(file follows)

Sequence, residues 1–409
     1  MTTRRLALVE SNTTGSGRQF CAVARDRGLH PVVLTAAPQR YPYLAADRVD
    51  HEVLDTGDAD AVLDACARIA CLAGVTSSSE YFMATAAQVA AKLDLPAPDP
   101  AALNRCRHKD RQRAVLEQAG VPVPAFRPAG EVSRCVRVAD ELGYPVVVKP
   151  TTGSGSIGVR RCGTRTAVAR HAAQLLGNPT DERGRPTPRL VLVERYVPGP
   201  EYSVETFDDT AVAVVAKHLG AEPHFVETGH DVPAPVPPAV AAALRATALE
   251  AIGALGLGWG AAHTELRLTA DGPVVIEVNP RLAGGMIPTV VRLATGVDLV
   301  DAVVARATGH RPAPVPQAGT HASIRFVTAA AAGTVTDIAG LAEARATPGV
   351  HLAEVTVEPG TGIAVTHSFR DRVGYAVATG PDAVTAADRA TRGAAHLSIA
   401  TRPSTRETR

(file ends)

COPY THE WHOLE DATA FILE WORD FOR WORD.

Sequence, residues 1–409
     1  MTTRRLALVE SNTTGSGRQF CAVARDRGLH PVVLTAAPQR YPYLAADRVD
    51  HEVLDTGDAD AVLDACARIA CLAGVTSSSE YFMATAAQVA AKLDLPAPDP
   101  AALNRCRHKD RQRAVLEQAG VPVPAFRPAG EVSRCVRVAD ELGYPVVVKP
   151  TTGSGSIGVR RCGTRTAVAR HAAQLLGNPT DERGRPTPRL VLVERYVPGP
   201  EYSVETFDDT AVAVVAKHLG AEPHFVETGH DVPAPVPPAV AAALRATALE
   251  AIGALGLGWG AAHTELRLTA DGPVVIEVNP RLAGGMIPTV VRLATGVDLV
   301  DAVVARATGH RPAPVPQAGT HASIRFVTAA AAGTVTDIAG LAEARATPGV
   351  HLAEVTVEPG TGIAVTHSFR DRVGYAVATG PDAVTAADRA TRGAAHLSIA
   401  TRPSTRETR